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The end of the Union

The Daily Telegraph is running a campaign to save the Union. It is too late.

Union_thumbnailNor is this a matter to be decided, as the Scots and Welsh seem to think, by them alone. The Union is ours too and we can decide if we want it to continue, just as much as they. The faux-colonial way in which the Nationalists describe the situation is - and always has been - a mortal insult. This was never any more a question of "self-determination" for the Welsh and Scots than it was for the English. Indeed, until "devolution" (that ugly weasel-word of spin) occurred all citizens of the United Kingdom were equal before the law.

Before devolution all UK citizens were liable to the same obligations and enjoyed the same rights. A Scottish or Welsh vote counted for as much as an English one. Indeed, given that the Scots and Welsh voted en bloc for Labour, theirs counted for rather more. For most of my adult life, Socialists have governed the United Kingdom on the back of Scottish and Welsh votes. In 1979, I stood at the bar of a Welsh pub with my father on the day Mrs Thatcher won power. We smiled secretly (and somewhat dangerously) at each other as a distraught Welsh Labourite wailed; "How can she have won? Who voted for her? I never even met a bloody Tory!"

True, some of the injustice in the relations between the Home Nations was always there. There is nothing new about the Barnett formula, for example. One can therefore sympathise, up to a point, with those Scots and Welsh who wonder what the fuss is about. Up to a point. How politically stupid was it to draw the attention of English voters to established injustice, by demanding still more?

I nurture no ethnic hatreds. There are no ethnic differences here. Jan Morris in "her" book, "Wales," acknowledged that there was no way to know if you were Welsh, other than to ask yourself if you have a sense of "cymreictod" (Welshness). For many years, I thought I had. But the increasing shrillness and nastiness of nationalism and the manifest injustices of devolution, killed that. If you require me to think less of my English mother and grandparents on the basis of such trivia, then frankly - though my Welsh lineage is richer than most of yours - to hell with you. I stand now four square with Dylan Thomas, a Welshman and perhaps the greatest ever user of the English language, who famously said; "Land of my fathers? My fathers can have it!"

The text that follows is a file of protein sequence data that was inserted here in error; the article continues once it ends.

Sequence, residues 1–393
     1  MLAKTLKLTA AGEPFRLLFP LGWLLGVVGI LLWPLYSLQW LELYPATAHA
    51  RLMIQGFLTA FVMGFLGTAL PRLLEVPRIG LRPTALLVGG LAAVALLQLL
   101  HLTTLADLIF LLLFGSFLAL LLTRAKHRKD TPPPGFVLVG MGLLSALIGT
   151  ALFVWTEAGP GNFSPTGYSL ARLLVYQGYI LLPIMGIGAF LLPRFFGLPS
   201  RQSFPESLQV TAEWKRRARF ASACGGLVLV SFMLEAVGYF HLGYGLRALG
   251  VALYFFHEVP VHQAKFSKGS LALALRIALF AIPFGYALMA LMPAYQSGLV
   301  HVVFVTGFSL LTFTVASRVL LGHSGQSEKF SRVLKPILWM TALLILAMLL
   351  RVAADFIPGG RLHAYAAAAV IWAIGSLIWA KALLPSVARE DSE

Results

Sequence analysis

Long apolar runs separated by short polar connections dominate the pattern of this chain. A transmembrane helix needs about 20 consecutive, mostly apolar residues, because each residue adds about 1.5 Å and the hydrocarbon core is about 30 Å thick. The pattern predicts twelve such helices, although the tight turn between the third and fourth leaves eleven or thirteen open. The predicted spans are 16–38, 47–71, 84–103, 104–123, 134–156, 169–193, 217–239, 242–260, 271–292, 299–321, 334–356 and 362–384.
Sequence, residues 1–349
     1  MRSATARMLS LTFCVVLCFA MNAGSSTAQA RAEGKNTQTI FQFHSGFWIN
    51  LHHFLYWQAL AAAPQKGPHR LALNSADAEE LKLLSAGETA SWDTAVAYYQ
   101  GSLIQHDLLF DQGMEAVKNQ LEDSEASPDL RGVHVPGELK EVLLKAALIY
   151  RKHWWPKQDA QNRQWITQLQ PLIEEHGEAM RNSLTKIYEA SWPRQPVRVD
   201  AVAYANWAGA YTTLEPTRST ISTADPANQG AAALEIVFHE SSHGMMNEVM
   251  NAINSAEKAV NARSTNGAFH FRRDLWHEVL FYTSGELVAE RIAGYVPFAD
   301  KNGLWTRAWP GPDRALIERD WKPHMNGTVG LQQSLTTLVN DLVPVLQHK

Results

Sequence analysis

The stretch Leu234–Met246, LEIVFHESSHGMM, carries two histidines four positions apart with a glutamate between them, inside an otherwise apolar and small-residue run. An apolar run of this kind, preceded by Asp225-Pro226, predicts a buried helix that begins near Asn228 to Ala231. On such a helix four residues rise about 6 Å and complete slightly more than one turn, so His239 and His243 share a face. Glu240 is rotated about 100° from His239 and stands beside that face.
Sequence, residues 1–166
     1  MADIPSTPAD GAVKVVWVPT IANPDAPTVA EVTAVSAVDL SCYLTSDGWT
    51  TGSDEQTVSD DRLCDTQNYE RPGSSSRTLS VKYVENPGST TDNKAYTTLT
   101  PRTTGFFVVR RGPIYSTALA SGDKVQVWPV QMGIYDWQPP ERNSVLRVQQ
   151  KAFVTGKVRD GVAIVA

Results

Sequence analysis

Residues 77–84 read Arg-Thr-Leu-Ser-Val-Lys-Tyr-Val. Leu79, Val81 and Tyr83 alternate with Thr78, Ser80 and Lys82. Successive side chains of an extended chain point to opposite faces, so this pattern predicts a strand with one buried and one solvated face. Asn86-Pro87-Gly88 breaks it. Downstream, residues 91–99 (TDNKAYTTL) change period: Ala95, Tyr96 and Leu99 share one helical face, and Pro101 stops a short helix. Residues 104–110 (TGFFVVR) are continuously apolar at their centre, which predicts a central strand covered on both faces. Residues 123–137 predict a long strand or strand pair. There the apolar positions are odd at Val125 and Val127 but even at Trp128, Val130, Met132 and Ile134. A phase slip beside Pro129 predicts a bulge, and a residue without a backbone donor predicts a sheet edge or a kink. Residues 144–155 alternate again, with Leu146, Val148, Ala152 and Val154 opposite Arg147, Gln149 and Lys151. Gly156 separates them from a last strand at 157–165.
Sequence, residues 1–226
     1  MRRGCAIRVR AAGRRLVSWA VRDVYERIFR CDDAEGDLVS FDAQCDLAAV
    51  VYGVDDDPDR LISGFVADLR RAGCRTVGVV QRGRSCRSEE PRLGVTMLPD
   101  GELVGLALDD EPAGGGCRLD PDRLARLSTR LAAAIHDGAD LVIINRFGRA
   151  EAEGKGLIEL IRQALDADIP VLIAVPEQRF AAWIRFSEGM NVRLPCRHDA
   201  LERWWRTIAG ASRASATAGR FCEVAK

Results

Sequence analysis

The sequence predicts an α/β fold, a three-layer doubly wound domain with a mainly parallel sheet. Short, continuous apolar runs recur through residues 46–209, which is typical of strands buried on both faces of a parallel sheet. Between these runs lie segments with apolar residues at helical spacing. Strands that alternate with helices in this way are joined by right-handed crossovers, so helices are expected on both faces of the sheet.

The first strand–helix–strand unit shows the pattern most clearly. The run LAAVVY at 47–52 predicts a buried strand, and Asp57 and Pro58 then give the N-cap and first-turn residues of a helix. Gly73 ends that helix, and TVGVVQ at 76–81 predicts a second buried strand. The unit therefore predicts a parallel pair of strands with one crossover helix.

I would love to see these islands united. In my opinion, all men and women who teach their children the same nursery rhymes and who sing the same songs belong together. The Scots, Welsh, English and - for that matter - Irish have much more in common than they have to separate them. In truth, there is damn all to separate them but that most pathetic (and mighty) of forces; sentiment.

That the Union should have been so damaged by the film "Braveheart" speaks volumes as to the poor quality of history teaching in the UK. How many Scots know how ahistorical is the climactic scene in which Robert the Bruce confronts Edward Longshanks in Stirling Cathedral? From the film, you would never picture the truth: Two feudal leaders met; a Plantagenet King and a lord whose family came from Brieux in Normandy. They would have been united in regarding their waiting armies, Scots and English, as little better than cattle.  They would have spoken in Norman French or Latin rather than vulgar English. It had as much to do with today's nationalisms as I have with the Great Khan; perhaps less.

No attempt is being made, however, to address that ignorance. The field of historical battle has been yielded to the sentimentalists and propagandists. I wish I could hope otherwise, but we English are nothing if not pragmatic. It's time for our fellows in the Union to make it worth our while, or go.

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